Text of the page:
Gov. Rick Perry threw his support Tuesday behind legislation that would ban abortion in Texas after 20 weeks, the point at which he and other anti-abortion activists say a fetus can feel pain.
The Legislature, which will convene Jan. 8 for a 140-day session that occurs every two years, will also consider a bill that would require physicians who perform abortions to have an agreement with a nearby hospital, allowing them to admit a patient in case of an emergency, Perry said.
Perry - a past and possibly future Republican presidential candidate - said he wants "to make abortion at any stage a thing of the past," but because that isn't possible under federal law, the Legislature has an "obligation to end that kind of cruelty" when an unborn child can feel pain.
NARAL Pro-Choice Texas called the proposed legislation, which has not yet been filed, "a cruel attempt by anti-choice extremists to curb access to care for women in the most desperate of circumstances."
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"The reality is that while most women welcome pregnancy and can look forward to a safe childbirth, for some, pregnancy can be dangerous," the group said in a statement.
The proposed bill, however, should have widespread support in Texas' largely Republican Legislature, which passed several laws in its 2011 session that made it more difficult to get an abortion, including a law that requires women to have a sonogram before going ahead with the procedure and putting in place a 24-hour waiting period between the time she sees a doctor and has the abortion.
If the bill becomes law, Texas would become the 10th state to ban abortions after 20 weeks. Although some scientists have reported that fetuses have sufficient nerve development to feel pain at 20 weeks of development, a study by the Journal of the American Medical Association published in 2005 found "evidence regarding the capacity for fetal pain is limited but indicates that fetal perception of pain is unlikely before the third trimester."
The measure abortion opponents support would shorten a woman's window for having an abortion in Texas by seven weeks; current Texas law prohibits abortions during the third trimester unless the health or life of the mother is at stake or if there are fetal abnormalities.
"How tragic to think that these babies suffer pain, a cruel and unnatural death, for simply being unwanted while they're in the womb," said incoming state Sen. Donna Campbell, a Tea Party Republican from New Braunfels who was also on hand in Houston to support the measure. "It's time to strengthen our laws to be in line with what science tells us is possible."
Perry said he also plans to support measures that would improve the quality standards of abortion facilities and ensure women who receive abortions have access to an emergency room if there are complications.
"We also need to require any physician performing abortions to have admitting privileges at a hospital," Perry said. "... From my perspective, this is about common sense, as any patient should have the expectation that the facilities being used are up to standards."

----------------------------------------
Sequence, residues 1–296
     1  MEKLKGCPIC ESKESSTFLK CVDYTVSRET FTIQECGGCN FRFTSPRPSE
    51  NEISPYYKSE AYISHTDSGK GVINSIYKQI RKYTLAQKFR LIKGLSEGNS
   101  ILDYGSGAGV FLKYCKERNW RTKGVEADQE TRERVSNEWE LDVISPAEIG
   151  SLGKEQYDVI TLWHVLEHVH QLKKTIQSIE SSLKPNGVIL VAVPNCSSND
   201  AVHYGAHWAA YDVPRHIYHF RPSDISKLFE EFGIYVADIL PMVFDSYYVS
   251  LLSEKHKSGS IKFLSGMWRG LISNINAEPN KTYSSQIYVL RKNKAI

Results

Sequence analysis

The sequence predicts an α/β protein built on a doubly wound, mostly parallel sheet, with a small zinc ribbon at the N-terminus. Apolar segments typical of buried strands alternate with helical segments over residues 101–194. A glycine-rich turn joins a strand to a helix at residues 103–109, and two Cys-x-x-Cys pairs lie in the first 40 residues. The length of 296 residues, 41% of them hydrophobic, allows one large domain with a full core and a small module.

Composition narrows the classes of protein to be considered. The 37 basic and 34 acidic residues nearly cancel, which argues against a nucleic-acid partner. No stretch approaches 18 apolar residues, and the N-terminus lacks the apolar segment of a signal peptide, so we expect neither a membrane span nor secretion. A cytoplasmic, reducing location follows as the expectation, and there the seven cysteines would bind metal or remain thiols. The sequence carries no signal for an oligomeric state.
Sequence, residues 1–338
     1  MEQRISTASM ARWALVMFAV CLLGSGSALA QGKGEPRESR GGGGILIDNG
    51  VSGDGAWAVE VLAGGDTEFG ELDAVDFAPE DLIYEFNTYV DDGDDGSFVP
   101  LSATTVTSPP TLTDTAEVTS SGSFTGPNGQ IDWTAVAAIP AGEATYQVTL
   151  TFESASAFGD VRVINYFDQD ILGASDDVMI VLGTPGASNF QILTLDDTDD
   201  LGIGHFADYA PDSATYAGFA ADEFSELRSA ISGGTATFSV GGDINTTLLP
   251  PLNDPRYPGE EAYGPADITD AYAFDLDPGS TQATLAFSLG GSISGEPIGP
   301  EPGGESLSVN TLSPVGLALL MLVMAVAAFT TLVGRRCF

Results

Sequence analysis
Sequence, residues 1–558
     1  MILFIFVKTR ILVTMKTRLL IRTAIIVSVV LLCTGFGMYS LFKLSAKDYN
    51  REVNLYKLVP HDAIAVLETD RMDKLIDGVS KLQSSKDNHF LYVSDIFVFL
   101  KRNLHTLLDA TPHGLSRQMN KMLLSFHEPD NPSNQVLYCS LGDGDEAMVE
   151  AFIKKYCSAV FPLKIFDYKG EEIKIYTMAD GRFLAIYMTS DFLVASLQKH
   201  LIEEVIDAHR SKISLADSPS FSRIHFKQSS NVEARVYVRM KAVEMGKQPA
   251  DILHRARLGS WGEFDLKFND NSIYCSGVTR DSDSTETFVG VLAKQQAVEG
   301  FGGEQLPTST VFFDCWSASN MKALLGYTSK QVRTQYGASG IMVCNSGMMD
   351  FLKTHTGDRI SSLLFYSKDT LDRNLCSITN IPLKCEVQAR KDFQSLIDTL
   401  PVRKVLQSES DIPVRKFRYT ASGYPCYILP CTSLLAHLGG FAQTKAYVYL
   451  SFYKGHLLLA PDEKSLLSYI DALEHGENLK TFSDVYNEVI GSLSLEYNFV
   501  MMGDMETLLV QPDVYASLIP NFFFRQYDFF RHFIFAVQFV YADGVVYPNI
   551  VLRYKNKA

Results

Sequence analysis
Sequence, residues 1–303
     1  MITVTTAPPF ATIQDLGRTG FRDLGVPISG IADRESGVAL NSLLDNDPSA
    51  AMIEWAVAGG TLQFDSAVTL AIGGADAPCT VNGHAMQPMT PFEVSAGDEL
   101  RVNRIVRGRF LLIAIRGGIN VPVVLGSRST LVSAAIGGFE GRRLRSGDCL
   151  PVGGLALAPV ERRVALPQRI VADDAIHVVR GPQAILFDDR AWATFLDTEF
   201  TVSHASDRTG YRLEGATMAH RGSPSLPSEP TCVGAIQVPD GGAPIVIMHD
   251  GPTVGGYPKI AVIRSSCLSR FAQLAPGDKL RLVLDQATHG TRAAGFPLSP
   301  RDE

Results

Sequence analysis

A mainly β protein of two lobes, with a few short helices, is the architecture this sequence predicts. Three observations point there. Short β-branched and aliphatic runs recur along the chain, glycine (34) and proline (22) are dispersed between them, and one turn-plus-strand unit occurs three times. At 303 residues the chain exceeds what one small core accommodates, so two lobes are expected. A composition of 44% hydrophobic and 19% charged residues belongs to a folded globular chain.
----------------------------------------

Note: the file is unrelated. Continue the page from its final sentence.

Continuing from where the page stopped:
Women's Health suit
While the governor was giving his remarks on Tuesday, Planned Parenthood sent out a press release announcing another lawsuit against the state over the organization's exclusion from the new state-run Women's Health Program.
Republican lawmakers banned Planned Parenthood from the previous Women's Health Program -- a joint state-federal endeavor -- to stanch the flow of taxpayer dollars to clinics affiliated with the provider. That move prompted the federal government to pull out of the program, which was funded with $9 from the federal government for every $1 the state supplied. The state plans to launch the Texas Women's Health Program with state money alone starting next month.
Abortion rights advocates say Texas lawmakers did enough damage in the 2011 session, by way of abortion sonogram legislation and cuts to state-subsidized family planning. They say a fetal pain bill would add insult to injury.
"There is no denying that Gov. Perry and the state Legislature's unprecedented and unrelenting assaults on women's reproductive rights in 2011 are causing hardship for women in Texas every single day," Bebe Anderson, the director of the legal program at the Center for Reproductive Rights, said in a statement.
North Texas reaction
Reaction from area legislative delegation members was split along party lines.
State Rep.-elect Matt Krause, R-Fort Worth, said he has offered to help carry the measure in the House. "We'll do whatever we can to help [the bill] in the House," he said.
Another newly elected state representative, Jonathan Stickland, R-Hurst, said, "I'm 100 percent pro-life. If [Perry] wants to ban abortions at any level, I will be supportive of doing so."
But state Rep.-elect Chris Turner, D-Grand Prairie, said Perry should be keeping the focus on more pressing issues about government spending rather than focusing on politically charged social issues.
"Gov. Perry is once again ignoring the issues that matter to Texans, including reversing his devastating cuts to public schools and women's health care, reducing the huge number of uninsured and investing in basic infrastructure so we can grow our economy.
"The next legislative session is far too important to simply become a partisan sideshow in the governor's 2016 presidential campaign."
Staff writer Anna M. Tinsley contributed to this report, which includes material from The Associated Press and The Texas Tribune.